JUST TRYING TO BELONG
by J. Scott Southworth
Watch it… if you have already seen the original Carrie and are seeking an adaptation with more violence and less vulnerability than the original adaptation.
Avoid it… and go watch Brian De Palma’s classic 1976 adaptation instead if you want a film that rises above its genre to provide a deeply affecting human story in between its episodes of shocking violence.
There are two types of horror films. There are those that treat themselves largely as genre exercises, offering levels of escalating violence throughout their duration as some sort of killer or monster reduces the number of the cast one by one. Halloween and Alien are examples of this type. But then there is another type, designed to deal with more subtle horrors that intrude into the otherwise normal lives of their characters. In this second type, the horror is often kept lingering beneath the surface for much of the film, sometimes to a point where someone walking in halfway through the movie might not notice immediately that they’re watching a horror film.
The original Carrie, written by Stephen King and directed by Brian De Palma in 1976, was a pioneer of this second type. It tells the story of a high-school girl named Carrie with telepathic powers who is bullied severely both by her classmates and her fanatically religious mother. A story like this could only end badly. But much De Palma’s film was spent establishing characters, detailing Carrie’s plight, and otherwise drawing viewers into the film. The effect was an almost hypnotic quality – a lullaby-like effect of drawing the audience in that only served to make the inevitable violence all the more devastating. The film went on to become a classic of the genre, standing together with Rosemary’s Baby and The Exorcist as one of the seminal horror works of an era.
The 2013 remake (or rather, as the filmmakers have described it, re-imagining of the original novel by Stephen King) hits most of the same points as De Palma’s adaptation. Similarities go beyond merely being adaptations of the same story – characters that were different between the original film and the novel frequently take after their film versions and some scenes between the two are shot with remarkably similar cinematography.
Differences are plentiful, however. The setting, of course, is updated to modern times, which is used to add a few creative elements to the plot – a viral video of Carrie that hits the internet is a particularly effective and creative touch. Additionally, a pregnancy subplot that was present in the novel but cut from the original film is restored, with little actual effect on the narrative.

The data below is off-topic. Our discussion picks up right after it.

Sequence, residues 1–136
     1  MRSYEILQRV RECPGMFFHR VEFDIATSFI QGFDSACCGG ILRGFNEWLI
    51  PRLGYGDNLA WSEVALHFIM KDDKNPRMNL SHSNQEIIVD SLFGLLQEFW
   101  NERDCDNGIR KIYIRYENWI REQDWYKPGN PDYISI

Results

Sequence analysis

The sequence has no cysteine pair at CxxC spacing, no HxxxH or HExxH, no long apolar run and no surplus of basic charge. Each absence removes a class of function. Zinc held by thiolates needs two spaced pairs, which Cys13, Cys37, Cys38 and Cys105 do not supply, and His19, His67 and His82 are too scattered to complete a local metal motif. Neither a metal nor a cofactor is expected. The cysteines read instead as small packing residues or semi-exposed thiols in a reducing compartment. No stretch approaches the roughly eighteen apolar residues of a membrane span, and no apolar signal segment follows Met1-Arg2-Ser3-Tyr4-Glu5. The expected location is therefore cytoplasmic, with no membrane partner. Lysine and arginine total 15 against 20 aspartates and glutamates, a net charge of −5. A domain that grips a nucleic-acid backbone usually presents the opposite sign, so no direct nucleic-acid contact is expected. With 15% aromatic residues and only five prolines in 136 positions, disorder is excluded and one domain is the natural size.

Some of the changes were less than effective, however. The remake’s biggest weakness is in the portrayal of Carrie herself. In the original, Carrie remained innocent throughout the entire film, in part because she was so clearly psychologically broken and unable to defend herself. Even the destruction in the film’s final act seemed more like confused self-defense than active aggression. In the remake, Carrie (performed by Chloë Grace Moretz) is never so vulnerable. Part of the problem is the screenplay, which has Carrie argue with and stand up to her abusers for much of the film. Moretz’s performance doesn’t help matters – she portrays a Carrie who stands straight and speaks frankly; her vulnerability, when portrayed, never seems complete or sincere. This becomes problematic in the later scenes, when her strong-will throughout the film changes from scenes of inevitable disaster to scenes of grisly murder. This is one of those instances where the change of a single character is enough to change the film entirely.
The soundtrack, by Marco Beltrami, is also less than effective, utilizing echo-effects, contradictory notes and eerie melodies to provide a sense of unease where it is least needed. Whereas the original adaptation attempted to lure viewers into a state of ease and involvement, the remake seems intent on doing the exact opposite, seeming to say that “sure, we might be focusing on our characters and their lives right now, but don’t get too involved – this is a “horror” film, and don’t you forget it!”
There is still a certain power to the narrative, despite these flaws. During individual scenes, when the soundtrack was less noisy and the characters were all at their best, I felt drawn into the story in a way similar to the original. But such moments were never lasting and combined with an ending that is no longer satisfying, I’m left unsure who to recommend the new Carrie to. Fans of the original film will be disappointed by its lack of loyalty to the original’s themes. Horror fans will find far too little in the way of shocks or violence for their tastes. There’s not a whole lot to hate in 2013’s Carrie, but there’s not much to recommend, either.